The Hawai‘i Japanese Center, in partnership with the Japanese Cultural Center of Hawai‘i, will present two showings of the documentary film, “Voices Behind Barbed Wire: Stories of Hawai‘i Island,” on Saturday, April 28, at the HJC in Hilo. The showings are scheduled for 11 a.m. and
The film is part of the JCCH’s four-part series on Hawai‘i’s World War II confinement sites, with each segment focusing on the internment history of a different island: O‘ahu, Maui, Kaua‘i and Hawai‘i Island. The film explores the personal stories of the Japanese Americans on the Big Island — from their initial imprisonment at Kïlauea Military Camp, their transfer to O‘ahu, and their eventual incarceration in places like New Mexico, Arkansas and Arizona.
While the mass incarceration of Japanese Americans during World War II has been well documented on the U.S. mainland, much less is known about the confinement sites and stories of Japanese Americans in Hawai‘i. The film also focuses on the modern day relevance of civil liberties and takes an archeological journey through the former World War II prison sites on Hawai‘i Island.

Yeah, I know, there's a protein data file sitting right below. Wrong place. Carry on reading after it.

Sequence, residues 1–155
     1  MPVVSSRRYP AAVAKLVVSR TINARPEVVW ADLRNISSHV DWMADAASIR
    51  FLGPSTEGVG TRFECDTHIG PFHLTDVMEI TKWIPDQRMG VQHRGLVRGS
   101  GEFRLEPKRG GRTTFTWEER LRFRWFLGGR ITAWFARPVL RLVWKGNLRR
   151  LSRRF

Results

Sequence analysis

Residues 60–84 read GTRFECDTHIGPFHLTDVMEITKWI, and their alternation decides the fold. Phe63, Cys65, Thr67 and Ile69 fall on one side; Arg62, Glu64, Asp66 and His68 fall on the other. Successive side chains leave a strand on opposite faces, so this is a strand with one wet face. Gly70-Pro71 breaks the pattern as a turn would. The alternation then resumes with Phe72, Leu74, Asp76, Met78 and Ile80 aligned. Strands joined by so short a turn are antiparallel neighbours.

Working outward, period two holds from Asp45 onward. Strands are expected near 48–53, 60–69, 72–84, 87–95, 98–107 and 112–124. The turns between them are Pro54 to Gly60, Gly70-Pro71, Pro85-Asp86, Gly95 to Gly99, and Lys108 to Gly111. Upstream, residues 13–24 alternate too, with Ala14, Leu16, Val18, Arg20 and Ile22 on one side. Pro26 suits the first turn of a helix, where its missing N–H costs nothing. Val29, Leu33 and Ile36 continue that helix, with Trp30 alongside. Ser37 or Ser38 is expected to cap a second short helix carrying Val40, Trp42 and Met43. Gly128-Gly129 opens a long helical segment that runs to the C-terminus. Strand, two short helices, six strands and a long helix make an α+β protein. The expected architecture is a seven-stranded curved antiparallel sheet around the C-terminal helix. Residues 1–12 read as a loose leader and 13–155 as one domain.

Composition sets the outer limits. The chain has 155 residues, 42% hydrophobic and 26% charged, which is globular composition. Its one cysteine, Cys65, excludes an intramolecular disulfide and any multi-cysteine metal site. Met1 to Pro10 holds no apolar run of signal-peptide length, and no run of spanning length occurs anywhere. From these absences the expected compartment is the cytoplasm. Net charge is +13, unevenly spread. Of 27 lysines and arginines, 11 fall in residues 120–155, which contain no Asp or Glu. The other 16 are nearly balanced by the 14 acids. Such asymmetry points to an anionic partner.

Each screening of the 25-minute mini-documentary will be followed by a question-and-answer session led by the film’s producer, JCCH president and executive director Carole Hayashino, and the film’s writer-director, Ryan Kawamoto, who was born and raised in Hilo. Also participating in the discussion will be Dr. Jadelyn Moniz-Nakamura, integrated resources manager and archaeologist at the Hawai‘i Volcanoes National Park, who will present additional historical information on Kïlauea Military Camp, which was the main internment site on the Big Island.
The program is free and open to the public. This project was funded in part by a grant from the U.S. Department of the Interior, National Park Service, Japanese American Confinement Sites Grant Program. For more information, email: contact@
hawaiijapanesecenter.com, or call (808) 934-9611, Wednesday through Saturday, between 11 a.m. and 2 p.m.